The Maritime History of the Great Lakes
Daily News (Kingston, ON), April 6, 1858

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p.2 Kingston Harbor Clear Of Ice - On Sunday morning the citizens were gratified to find the ice in the bay between the main shore and Point Frederick had moved out towards the lake by the force of a gentle breeze from the east, leaving the wharves and slips quite free from obstruction. Early in the day the wind chopped round to the South, and blew briskly, driving the ice against the shore and crumbling it into small pieces, where it was speedily dissolved. The day was surpassingly beautiful, and all animated nature seemed to enjoy with unmingled delight the genial enlivening sunshine of Spring. There was a moderate shower during Sunday night, and the sky was partially obscured by clouds yesterday, but the temperature continued mild. Several citizens have commenced gardening, with a prospect of realizing early vegetables.

Nothing now but the stagnation of commercial business prevents the movement of the vessels that have been laid up here during the winter. In the fitting out of steamboats and schooners for the summer trade, much less activity has been evinced than usual at this season, for the reason above mentioned; nevertheless progress is being made, and all the vessels in port will in a week's time be in full trim. On Sunday morning the schooner Quebec, from French Creek, passed this port on her way up the lake, and in the course of the day the schooner Antelope, from Hamilton, made Garden Island. There are several vessels in readiness to sail, but the Sultan is the only one that has left yet; she has gone down, we learn, to Gananoque. Of the Steamers, the St. Lawrence we learn will be ready today and will run as a ferry boat to the Cape till the new steam scow building at the Marne Railway yard is completed to take her place. The Highlander will be ready in a few days, and will be run as a freight boat in connection with the Rome Railroad to the head of the lake. The steamer St. Helen, Capt. Chrysler, has been dismantled of her upper cabin, and will be run as a tow and freight boat between the Bay of Quinte and Montreal. The steamers Kingston, Passport, New Era and Champion are being got ready, but what routes they will take we have not yet learned.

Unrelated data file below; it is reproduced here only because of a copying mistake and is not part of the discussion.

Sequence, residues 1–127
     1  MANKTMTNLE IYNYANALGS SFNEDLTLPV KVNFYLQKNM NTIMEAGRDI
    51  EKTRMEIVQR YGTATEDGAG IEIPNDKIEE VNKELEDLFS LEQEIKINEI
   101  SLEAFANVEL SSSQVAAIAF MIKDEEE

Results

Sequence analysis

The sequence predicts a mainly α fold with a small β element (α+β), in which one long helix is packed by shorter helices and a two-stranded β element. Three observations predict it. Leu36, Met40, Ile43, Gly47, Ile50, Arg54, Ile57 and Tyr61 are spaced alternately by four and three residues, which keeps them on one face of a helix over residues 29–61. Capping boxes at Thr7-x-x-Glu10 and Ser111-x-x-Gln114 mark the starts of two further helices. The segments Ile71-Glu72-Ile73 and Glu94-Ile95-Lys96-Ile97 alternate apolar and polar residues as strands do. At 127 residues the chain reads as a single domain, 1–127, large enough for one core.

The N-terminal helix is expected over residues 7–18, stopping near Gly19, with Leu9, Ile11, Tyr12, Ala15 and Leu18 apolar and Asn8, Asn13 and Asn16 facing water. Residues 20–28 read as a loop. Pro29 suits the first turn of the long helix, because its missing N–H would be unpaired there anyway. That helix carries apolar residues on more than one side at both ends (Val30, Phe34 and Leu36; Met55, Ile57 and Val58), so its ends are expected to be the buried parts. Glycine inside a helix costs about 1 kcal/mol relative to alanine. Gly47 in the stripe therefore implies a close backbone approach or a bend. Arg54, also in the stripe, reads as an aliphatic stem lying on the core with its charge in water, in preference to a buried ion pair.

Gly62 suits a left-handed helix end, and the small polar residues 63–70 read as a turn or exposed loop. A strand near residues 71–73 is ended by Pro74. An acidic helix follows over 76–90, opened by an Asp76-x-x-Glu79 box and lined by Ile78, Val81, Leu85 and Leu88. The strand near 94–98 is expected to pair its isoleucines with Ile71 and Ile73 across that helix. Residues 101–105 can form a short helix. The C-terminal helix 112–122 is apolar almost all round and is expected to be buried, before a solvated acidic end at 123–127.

p.3 Imports - 3,5.

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April 6, 1858
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Rick Neilson
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Public domain: Copyright has expired according to the applicable Canadian or American laws. No restrictions on use.
Maritime History of the Great Lakes
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Daily News (Kingston, ON), April 6, 1858